Microsoft Office Tutorials and References
In Depth Information
Using COUNT or COUNTA to Count Numbers or Nonblank Cells
Tip: Simulating
Tip: Simulating LARGEIFS
The function arguments of 13 through 19 allow the array to be calcu-
lated on the fly. The formula in B20 of Figure 11.4 is a wild, over-the-
top formula that seems like it would have come from the ExcelGurus
Gone Wildbook I compiled in 2008.
The goal is to find records that match multiple criteria and then to
apply the LARGE function to those matching records. The array ar-
gument starts out with the sales amounts in D9:D16. But then the sales
amounts are divided by a Boolean expression.
(B9:B16="East") checks to see whether the record is in the East re-
gion. (C9:C16) checks to see whether the rep is R1. When you multiply
these two conditions together, you get an array of ones and zeros. The
1 indicates both conditions are TRUE. In the figure, the result would be
When the formula evaluates the sales amounts divided by the array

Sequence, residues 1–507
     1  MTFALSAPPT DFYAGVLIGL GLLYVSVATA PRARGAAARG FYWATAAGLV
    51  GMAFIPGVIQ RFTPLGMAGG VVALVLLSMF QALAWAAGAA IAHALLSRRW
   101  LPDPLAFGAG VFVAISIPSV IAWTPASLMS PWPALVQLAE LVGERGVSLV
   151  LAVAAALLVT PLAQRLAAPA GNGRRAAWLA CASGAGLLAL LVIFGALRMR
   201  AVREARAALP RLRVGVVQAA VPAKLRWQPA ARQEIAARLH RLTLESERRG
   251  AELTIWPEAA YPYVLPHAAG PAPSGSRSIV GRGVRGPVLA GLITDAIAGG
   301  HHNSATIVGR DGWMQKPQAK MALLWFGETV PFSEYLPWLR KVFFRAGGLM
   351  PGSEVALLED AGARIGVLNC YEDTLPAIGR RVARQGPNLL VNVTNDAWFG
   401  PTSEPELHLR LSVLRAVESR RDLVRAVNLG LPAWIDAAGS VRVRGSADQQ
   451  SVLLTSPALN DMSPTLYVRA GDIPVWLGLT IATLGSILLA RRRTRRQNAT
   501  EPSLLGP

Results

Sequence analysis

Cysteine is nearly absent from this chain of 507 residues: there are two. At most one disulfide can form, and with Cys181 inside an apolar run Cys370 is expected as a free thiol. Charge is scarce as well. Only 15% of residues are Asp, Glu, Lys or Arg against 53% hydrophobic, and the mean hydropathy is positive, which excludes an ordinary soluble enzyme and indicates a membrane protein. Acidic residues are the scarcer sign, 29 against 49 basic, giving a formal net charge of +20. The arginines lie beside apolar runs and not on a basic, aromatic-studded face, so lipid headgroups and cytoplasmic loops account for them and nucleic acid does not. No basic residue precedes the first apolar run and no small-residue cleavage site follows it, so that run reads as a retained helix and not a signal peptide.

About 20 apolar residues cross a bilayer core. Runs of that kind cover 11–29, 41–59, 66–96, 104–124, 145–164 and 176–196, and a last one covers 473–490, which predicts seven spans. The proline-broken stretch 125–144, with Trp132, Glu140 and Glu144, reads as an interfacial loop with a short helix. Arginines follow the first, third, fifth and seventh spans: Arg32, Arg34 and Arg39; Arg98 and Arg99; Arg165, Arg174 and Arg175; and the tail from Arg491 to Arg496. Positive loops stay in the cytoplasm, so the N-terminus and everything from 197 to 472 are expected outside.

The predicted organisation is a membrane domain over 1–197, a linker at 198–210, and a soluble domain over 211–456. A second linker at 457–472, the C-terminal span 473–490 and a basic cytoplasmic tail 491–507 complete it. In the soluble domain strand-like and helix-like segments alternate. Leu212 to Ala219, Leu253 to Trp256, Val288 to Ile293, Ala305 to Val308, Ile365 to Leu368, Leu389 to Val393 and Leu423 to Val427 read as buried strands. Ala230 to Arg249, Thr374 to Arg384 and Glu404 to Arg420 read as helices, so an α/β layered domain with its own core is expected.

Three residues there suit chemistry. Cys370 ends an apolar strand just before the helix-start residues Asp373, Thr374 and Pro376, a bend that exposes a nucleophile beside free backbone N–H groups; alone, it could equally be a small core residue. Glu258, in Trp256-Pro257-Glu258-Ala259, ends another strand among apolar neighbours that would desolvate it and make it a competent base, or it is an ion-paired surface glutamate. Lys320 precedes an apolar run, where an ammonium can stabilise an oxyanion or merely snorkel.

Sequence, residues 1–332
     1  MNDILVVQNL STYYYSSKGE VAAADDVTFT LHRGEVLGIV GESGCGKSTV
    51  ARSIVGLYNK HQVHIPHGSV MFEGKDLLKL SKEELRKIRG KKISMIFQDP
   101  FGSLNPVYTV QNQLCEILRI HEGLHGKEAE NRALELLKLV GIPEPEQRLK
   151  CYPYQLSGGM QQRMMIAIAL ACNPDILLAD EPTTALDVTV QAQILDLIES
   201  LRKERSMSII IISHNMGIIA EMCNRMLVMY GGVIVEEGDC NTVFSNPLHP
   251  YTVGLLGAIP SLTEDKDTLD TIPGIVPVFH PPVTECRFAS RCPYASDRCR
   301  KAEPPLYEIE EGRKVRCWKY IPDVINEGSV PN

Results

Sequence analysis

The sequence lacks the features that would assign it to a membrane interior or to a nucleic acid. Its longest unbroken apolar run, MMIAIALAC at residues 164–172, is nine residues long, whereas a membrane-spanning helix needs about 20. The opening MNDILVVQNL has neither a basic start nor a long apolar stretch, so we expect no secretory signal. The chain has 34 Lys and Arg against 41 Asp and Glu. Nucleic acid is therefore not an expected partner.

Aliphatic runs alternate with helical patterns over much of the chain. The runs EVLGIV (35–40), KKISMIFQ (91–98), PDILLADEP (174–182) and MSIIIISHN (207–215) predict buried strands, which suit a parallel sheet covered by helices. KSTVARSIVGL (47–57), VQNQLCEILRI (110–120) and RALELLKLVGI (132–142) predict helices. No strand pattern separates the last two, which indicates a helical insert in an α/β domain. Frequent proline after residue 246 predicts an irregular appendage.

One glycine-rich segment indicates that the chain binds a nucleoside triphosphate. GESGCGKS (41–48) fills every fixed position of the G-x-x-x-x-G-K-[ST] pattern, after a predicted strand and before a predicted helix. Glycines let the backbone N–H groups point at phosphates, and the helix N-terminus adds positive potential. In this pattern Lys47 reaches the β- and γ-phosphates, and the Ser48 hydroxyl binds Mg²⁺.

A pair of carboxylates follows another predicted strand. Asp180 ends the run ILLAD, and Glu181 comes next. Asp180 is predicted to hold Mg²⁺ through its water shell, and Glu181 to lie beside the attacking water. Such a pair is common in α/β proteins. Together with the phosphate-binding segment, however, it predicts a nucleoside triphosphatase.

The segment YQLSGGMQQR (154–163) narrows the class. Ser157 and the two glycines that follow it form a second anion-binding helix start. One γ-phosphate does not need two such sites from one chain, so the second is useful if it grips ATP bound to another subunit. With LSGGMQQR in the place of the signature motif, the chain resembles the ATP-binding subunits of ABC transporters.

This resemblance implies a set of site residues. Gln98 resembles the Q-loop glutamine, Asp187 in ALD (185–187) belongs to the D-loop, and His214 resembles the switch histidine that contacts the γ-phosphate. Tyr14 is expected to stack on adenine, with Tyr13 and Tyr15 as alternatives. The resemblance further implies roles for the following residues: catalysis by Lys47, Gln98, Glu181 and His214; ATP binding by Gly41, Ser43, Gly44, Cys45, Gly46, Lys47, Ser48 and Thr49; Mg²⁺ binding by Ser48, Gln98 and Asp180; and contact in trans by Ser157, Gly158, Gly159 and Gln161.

of ones and zeros, you either end up with the sales amount or a
division-by-zero error. In the figure, the result of 16000 divided by 0
is #DIV/0!. The result of 1000 divided by 1 is 1000, and so on. The array
contains mostly #DIV/0! errors and a few actual numbers. Because the
AGGREGATE function has an option to ignore error values, the result
is that the function simulates doing LARGE with multiple conditions.
to Count Numbers or Nonblank Cells
A number of functions process nonblank cells. =COUNT counts all the nu-
meric or date cells in a range. =COUNTA counts all the nonblank cells in a
COUNTA to Count Numbers or Nonblank Cells
You can find COUNT and COUNTA in the Statistical drop-down under
the More Functions icon of the Formulas tab.
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